• O. B. Dokosi, in Herbs of Ghana, Ghana Universities Press,1998, p. 471-477, lists 8 types of Aframomums, two of which are Aframomum melegueta (he also calls this type Guinea grains, but NOT alligator pepper) and Aframomum daniellii. He explains that except for Aframomum melegueta, the local generic genus name for Aframomum plants is sensam in Twi (He also gives details on numerous other indigenous names for some of the species). In a  detailed discussion of Aframomum (or Amomum) melegueta, he gives names in Twi ("wisa" or "fam wisa" or "ground wisa," to differentiate if from Piper guineese, called "sorowisa" or "sky wisa," that is obtained from "above ground".  
  • Aframomum melegueta is also called "wisapa" (real wisa).  Dokosi lists numerous other indigenous language names for it, but differentiates between 2 types of Aframomum melegueta: "adowa wisa," a type that grows wild and is usually used mainly for medicinal purposes, and "wisa-pa" or "apokuo" (Akim and Ashanti names meaning "proper wisa.") He gives details on both the culinary and medicinal properties of the plants.
  • In the Ghana Herbal Pharmacopoeia, published by Science and Technology Policy Research Institute [STEPRI], revised, 2007) has several pages devoted to "grains of paradise," (pp. 108-111). Here, however, they also list common names of Aframomum melegueta as "Guinea grains, alligator pepper, or melegueta pepper." (And also include the Twi, Fante, Ga-Adangbe, Nzema, Ewe, Dagbani, and Hausa names.)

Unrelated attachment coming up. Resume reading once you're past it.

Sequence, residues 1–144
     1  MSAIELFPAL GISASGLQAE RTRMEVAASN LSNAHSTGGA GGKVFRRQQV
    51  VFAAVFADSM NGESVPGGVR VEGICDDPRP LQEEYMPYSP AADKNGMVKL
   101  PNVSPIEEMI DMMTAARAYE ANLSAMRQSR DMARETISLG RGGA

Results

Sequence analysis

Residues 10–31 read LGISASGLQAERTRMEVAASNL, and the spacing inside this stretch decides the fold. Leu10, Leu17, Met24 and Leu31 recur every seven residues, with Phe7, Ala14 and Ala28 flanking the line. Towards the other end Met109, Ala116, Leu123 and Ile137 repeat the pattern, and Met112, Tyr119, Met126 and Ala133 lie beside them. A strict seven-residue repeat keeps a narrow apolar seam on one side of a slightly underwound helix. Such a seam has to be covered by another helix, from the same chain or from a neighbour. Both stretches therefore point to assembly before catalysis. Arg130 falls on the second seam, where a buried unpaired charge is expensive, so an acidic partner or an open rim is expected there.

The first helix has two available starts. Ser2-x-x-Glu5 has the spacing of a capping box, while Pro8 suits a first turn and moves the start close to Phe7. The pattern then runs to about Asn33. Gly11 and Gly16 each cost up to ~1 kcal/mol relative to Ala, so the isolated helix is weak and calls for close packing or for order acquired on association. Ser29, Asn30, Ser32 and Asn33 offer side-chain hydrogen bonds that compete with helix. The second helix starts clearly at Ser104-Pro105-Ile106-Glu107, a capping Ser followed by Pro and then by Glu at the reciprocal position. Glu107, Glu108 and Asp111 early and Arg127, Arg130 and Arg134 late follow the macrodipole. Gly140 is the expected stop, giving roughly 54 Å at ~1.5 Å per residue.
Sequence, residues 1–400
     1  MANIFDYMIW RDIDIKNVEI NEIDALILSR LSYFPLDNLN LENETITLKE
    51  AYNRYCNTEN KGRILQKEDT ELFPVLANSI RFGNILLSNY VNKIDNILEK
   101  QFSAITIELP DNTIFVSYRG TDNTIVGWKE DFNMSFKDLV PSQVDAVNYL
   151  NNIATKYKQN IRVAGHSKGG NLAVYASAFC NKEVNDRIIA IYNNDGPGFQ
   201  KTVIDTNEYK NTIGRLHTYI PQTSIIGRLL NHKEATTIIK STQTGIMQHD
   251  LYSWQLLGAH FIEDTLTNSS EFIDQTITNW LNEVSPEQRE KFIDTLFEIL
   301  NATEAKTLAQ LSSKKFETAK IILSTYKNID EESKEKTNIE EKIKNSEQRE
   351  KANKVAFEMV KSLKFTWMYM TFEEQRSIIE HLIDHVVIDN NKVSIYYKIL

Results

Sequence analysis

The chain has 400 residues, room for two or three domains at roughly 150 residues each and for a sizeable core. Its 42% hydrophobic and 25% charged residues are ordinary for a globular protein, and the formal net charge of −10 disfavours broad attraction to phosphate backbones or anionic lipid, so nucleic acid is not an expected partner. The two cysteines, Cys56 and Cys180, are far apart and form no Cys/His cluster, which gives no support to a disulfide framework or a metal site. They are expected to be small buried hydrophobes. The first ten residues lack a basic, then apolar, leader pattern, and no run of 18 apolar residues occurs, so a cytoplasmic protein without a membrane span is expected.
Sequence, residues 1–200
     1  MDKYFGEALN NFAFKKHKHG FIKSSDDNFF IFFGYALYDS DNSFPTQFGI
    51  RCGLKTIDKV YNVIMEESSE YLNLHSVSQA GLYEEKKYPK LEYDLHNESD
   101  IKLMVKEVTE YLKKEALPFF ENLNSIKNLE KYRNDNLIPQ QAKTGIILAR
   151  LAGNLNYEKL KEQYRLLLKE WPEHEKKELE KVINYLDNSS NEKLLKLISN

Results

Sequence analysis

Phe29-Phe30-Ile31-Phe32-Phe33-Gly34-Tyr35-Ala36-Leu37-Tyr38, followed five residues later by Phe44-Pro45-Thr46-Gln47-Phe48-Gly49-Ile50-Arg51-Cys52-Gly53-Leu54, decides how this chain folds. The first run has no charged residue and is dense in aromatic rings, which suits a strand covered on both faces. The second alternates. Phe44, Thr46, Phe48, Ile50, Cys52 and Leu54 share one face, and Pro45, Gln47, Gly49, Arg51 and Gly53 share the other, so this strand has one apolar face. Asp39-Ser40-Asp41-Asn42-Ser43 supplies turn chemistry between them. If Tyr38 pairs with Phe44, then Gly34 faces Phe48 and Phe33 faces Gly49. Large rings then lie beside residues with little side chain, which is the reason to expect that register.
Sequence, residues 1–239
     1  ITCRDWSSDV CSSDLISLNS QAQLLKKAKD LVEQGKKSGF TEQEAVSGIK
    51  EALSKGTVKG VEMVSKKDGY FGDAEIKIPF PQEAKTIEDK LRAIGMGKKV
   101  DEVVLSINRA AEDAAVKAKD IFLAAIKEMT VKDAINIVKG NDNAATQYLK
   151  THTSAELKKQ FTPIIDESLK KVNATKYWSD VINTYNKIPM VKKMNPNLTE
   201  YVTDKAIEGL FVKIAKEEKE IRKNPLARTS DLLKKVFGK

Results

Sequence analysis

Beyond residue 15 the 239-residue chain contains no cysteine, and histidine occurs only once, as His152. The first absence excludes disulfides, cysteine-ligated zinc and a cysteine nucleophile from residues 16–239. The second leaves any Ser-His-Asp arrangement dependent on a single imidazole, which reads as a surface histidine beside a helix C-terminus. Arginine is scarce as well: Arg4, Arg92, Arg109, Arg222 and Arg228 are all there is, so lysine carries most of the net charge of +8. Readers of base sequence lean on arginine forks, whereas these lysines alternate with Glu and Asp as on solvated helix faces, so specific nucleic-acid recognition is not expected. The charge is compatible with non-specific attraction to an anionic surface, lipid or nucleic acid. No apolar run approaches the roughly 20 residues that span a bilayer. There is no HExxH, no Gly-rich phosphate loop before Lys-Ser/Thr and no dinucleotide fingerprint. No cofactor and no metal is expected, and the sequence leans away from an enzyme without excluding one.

Anyhow, online at a Canadian Itsekiri heritage site I finally found Anthonio and M. Isoun's "atariko" listed as "AFRAMOMUM SPP". I went back to the spice entry for cardamom on the Celtnet site I alluded to at the beginning of this long, laborious post. There I found an explanation that says that alligator pepper, while a member of the Aframomum genus, is slightly different from Aframomum melegueta. It appears that there may be a slight difference among these--those known as "alligator peppers" are most likely from the aframomums danielli, citratum, or excapsum (though this last one is less popular).

In the picture at the top of this post, you see some allegedly "grains of paradise" I ordered from the Spice House in Chicago on the right with some "alligator peppers" graciously brought to me from Nigeria by my Nigerian colleague of the fabulous Kitchen Butterfly site on the left. I couldn't tell the difference in taste, nor appearance. I guess my bottom line is, for those of us outside of Africa, it doesn't make any difference. Use whatever you like, and call it whatever you like.

Any food scientists or botanists or culinary types who disagree, just let me know. By the way,  the students were able to find out easily that Alton Brown uses grains of paradise in his apple pie, but it was much harder for them to find authentic West African recipes using them because they didn't know the correct language and name to use when searching.
Aframomum danielli, Aframomum citratum or Aframomum exscapum

Read more at Celtnet:
Copyright © celtnet
Aframomum danielli, Aframomum citratum or Aframomum exscapum

Read more at Celtnet:
Copyright © celtnet